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The AGgregator

From the Field: Land Conservation Moving Forward

Jill Giacomini Basch is co-owner and chief marketing officer of Point Reyes Farmstead Cheese Company. On the family dairy, north of San Francisco, Jill and her father and sisters produce award-winning cheeses and operate The Fork, a culinary and educational center. The Giacomini family practices sustainability with a focus on water conservation and land stewardship. Connect with Point Reyes on Facebook, Twitter and Instagram.

Earlier this year, my sister Lynn and I had the privilege of attending a phenomenal communications workshop in Washington D.C. hosted by Farm Credit, The Lynde and Harry Bradley Foundation and the Sand County Foundation (SCF), sponsor of the nationally-recognized Leopold Conservation Award (LCA). As a 2013 recipient of the LCA, which recognizes private landowners for excellence in environmental stewardship and conservation on agricultural land, we along with other past awardees, were given a valuable educational experience that will provide long term benefits for our families, our communities and the environment. You see, the workshop provided us with tools necessary to become true ambassadors of the working lands conservation message, whether our audience is fellow landowners, policy makers or the general public.

As if the training itself wasn’t benefit enough, following the workshop we went to the offices of the USDA, to promote our land conservation message to Deputy Under Secretary Ann Mills. Our conversation with the Under Secretary focused on the importance of land stewardship and specifically, the need for Federal partnership and investment in conservation practices on our farm and ranch lands. USDA support not only protects our nation’s agriculture, water, air and wildlife – it also makes economic sense.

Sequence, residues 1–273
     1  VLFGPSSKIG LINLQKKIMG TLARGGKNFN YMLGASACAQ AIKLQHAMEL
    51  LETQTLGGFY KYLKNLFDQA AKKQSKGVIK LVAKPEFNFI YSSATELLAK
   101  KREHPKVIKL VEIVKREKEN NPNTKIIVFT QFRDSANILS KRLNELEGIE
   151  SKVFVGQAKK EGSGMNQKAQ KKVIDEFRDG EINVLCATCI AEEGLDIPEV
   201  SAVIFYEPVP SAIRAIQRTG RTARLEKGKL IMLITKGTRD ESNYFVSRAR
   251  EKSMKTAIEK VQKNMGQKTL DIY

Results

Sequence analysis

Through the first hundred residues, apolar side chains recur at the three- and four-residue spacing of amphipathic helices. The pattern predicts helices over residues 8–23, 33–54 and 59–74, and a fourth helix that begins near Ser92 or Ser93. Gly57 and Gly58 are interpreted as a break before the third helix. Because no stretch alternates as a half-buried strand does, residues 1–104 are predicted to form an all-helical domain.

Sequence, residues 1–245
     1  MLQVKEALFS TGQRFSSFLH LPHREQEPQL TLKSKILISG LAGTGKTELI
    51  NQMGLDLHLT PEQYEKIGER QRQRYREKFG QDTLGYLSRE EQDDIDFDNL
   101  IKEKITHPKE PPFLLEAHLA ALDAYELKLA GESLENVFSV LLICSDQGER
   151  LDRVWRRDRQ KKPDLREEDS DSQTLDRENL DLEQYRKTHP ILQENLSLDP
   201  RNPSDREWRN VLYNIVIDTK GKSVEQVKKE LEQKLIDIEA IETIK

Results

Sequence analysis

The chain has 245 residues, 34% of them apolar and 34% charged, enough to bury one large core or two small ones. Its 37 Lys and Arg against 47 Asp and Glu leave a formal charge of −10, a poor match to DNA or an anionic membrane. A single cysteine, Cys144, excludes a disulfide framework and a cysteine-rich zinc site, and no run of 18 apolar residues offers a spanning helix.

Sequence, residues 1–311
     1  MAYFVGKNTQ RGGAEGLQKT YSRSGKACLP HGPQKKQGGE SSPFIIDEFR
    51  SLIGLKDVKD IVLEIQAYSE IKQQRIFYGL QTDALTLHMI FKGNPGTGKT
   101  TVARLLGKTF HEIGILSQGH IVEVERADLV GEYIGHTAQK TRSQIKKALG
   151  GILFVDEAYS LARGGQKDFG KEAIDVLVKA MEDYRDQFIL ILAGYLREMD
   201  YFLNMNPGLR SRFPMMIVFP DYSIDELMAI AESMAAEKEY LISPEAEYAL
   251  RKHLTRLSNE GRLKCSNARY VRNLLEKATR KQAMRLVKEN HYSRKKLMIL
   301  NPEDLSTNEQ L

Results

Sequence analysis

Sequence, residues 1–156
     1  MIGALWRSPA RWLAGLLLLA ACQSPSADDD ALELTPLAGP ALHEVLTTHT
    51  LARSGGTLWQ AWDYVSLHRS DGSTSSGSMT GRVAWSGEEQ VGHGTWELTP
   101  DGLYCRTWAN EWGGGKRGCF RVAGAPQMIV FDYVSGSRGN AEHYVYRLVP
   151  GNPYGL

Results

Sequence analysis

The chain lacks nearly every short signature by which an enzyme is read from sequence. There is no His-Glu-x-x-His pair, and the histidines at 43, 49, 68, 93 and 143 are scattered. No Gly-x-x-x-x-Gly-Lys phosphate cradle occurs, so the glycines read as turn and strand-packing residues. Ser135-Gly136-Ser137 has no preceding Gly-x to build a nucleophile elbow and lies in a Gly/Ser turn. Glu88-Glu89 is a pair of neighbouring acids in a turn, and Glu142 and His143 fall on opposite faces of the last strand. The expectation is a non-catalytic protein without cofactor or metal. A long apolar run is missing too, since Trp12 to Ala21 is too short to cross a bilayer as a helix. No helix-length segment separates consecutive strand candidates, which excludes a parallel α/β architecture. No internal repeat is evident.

To underscore our point I was asked to detail how conservation improves the way we, as private landowner-farmers, run our businesses. Partnerships with the USDA’s Natural Resources Conservation Service (NRCS) and others have helped us protect our land and water resources, and in our case, ensure that our 3rd generation family dairy farm and artisan cheese creamery will be prosperous for the next generation. “We have very close ties with NRCS and other state and regional organizations,” I explained. “They have helped us with water storage and allocation — above ground pond facilities and spring-well drilling. Additionally, with the receipt of USDA grant funds we adopted new technology to install a methane digester that ultimately mitigates waste run off into nearby Tomales Bay and the greater Point Reyes National Seashore. Because of this partnership and financial support, we now generate about 65 percent of our on-farm energy supply.” I stressed how much these actions make both environmental and economic sense.

Later that day a small group of us was honored with an invitation to sit down with USDA Deputy Secretary Krysta Harden. The dialogue centered on Ms. Harden’s personal mission of bringing up the nation’s next generation of farmers, particularly young women. We all agreed that there is a new energy in America around opportunities in agriculture. She explained that the new Farm Bill (The Agricultural Act of 2014, passed the very day we were meeting with the USDA and announced to us by Ms. Harden as she walked into our meeting room) will provide our communities with additional support to attract new economic opportunity and create jobs. We highlighted that best conservation practices ensure viable and sustainable agriculture, which is obviously necessary for a new crop of farmers to see positive opportunity in ag-related careers. Ms. Harden stressed that outreach and education is crucial and we were assured the USDA will continue to work with LCA recipients and other partners to make that happen.

In total, the two days were both insightful and impactful. We without-a-doubt increased government awareness for responsible land conservation and ensured the commitment of current legislators to support the cause. For the participants, we returned home better equipped to advance the use of ethical and scientifically-sound land management practices and partnerships for the benefit of our businesses, our communities and the environment.